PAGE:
Parasites and Seafood
Getting a panicked call from a patient at 6:00 a.m. is uncommon, and always concerning. Debbie was a brilliant, talented designer whose designs were sought after by the élite of Arizona. I had known her through a number of philanthropic causes that we were both involved in. In meetings she was the person who never lost her cool, always had something interesting to say, and never felt inclined to talk just to hear herself.
On this particular morning, this articulate individual could not form a single sentence beyond that she was dying inside. After I asked her to take three deep breaths, she managed to tell me that there was an alien inside of her, and it was eating her.
Mental illness typically manifests itself in the late teens and early twenties. It is rare that this person I had known for a number of years would have some yet undefined illness. I never saw her imbibe at parties, she was a responsible mother, and I knew she was not taking any medications for mental illness, as I had removed her gallbladder a couple of years before. These are the thoughts one has at six o’clock in the morning.
After the three breaths she said that in the toilet was a large worm that had come out of her, and now she was convinced that they were eating her alive. I asked if she had a fear of spiders. She said yes; they would turn her into a blabbering, spastic person who would run wildly away.
Her husband was away, but she managed to get her son to put the creature into a plastic bag that she would bring to my office. Her son, in contrast to her mom, thought it was “cool.”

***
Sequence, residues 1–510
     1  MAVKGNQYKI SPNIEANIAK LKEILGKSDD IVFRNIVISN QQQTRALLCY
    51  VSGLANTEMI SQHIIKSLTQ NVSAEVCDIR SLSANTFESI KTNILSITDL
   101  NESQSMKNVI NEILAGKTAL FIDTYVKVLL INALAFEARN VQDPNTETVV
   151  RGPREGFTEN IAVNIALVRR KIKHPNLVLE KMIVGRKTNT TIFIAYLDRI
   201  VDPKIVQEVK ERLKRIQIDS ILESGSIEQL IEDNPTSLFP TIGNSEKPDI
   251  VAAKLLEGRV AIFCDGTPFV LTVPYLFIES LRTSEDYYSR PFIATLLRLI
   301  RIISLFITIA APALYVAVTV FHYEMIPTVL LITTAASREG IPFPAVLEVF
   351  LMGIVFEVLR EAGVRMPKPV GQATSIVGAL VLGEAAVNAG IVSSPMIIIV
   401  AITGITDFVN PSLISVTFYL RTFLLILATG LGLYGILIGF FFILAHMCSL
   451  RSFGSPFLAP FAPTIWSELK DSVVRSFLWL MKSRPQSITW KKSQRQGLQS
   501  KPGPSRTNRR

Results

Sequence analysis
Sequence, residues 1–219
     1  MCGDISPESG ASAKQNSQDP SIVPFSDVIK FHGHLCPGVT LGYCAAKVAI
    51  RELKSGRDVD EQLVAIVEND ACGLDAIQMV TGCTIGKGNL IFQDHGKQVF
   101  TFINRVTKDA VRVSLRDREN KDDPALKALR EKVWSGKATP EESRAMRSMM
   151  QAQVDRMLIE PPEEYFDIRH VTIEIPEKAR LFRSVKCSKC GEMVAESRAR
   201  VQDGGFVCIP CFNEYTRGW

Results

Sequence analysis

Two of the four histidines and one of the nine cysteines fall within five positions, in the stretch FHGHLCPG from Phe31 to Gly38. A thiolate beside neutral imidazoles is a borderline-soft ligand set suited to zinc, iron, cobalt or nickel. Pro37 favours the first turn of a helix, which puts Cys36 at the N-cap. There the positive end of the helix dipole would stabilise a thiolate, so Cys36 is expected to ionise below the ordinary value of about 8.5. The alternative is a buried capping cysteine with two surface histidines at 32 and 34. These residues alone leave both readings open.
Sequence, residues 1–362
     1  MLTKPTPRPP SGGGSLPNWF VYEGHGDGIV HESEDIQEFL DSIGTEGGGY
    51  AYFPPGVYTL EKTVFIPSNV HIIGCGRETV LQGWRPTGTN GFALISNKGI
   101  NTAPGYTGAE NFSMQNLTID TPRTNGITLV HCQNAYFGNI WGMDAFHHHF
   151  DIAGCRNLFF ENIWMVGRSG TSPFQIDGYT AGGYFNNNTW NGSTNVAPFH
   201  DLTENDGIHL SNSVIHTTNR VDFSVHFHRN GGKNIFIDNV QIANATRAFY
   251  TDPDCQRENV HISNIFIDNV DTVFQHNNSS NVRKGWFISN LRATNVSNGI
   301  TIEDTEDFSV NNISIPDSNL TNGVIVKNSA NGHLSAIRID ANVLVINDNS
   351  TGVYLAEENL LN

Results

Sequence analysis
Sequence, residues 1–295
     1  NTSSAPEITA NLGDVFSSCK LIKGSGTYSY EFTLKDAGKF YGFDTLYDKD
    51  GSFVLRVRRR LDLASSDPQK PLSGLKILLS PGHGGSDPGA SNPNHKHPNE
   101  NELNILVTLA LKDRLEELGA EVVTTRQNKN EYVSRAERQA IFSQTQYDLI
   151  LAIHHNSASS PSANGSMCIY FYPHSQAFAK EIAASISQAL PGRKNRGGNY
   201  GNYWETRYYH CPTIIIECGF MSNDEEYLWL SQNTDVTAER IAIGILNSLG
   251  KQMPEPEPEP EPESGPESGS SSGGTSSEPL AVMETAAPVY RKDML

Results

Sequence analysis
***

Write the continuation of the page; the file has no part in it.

When I saw her in my office an hour later, she was calm, collected, and apologizing for “being a raving lunatic.” Her son proudly showed me the catch. What boy doesn’t like intestinal worms? Most doctors’ favorite college biology courses were about worms and parasites—worms have fascinating life cycles and are kind of creepy, but they’re generally harmless.
In this case the worm was Diphyllobothrium latum, commonly called the broad tapeworm. Debbie’s was eight inches long, but they have been reported to grow up to thirty feet long (one can imagine the scene in that bathroom). When I told Debbie that the answer was a single pill called Praziquantel, she looked stunned.
“I had called my husband,” she said, “and told him you would probably have to do emergency surgery to get all the worms out of my guts, and he was going to head back from New York to be with me.”
At that moment I dialed her husband, who had yet to make plans to interrupt his business trip. He was happy that his wife was okay, and he said, “Normally Deb is one of the most even-keeled people I know.” He enjoyed a good laugh before begging me not to tell her that he laughed.
This flatworm comes from eating raw or under cooked fish. They can be found in salmon, trout, perch, walleyed pike, and, in Debbie’s case, from uncooked gefilte fish. As it‘s being made, the cook tastes the raw samples to make certain the spices and seasonings are perfect.
Debbie wanted to blame her favorite sushi restaurant. It’s unlikely; the US Food and Drug Administration requires that fish, if it is to be eaten raw, first must be frozen to kill parasites. Tuna is the only exception to this rule, although tuna is often frozen in order to transport it for the worldwide love of this product.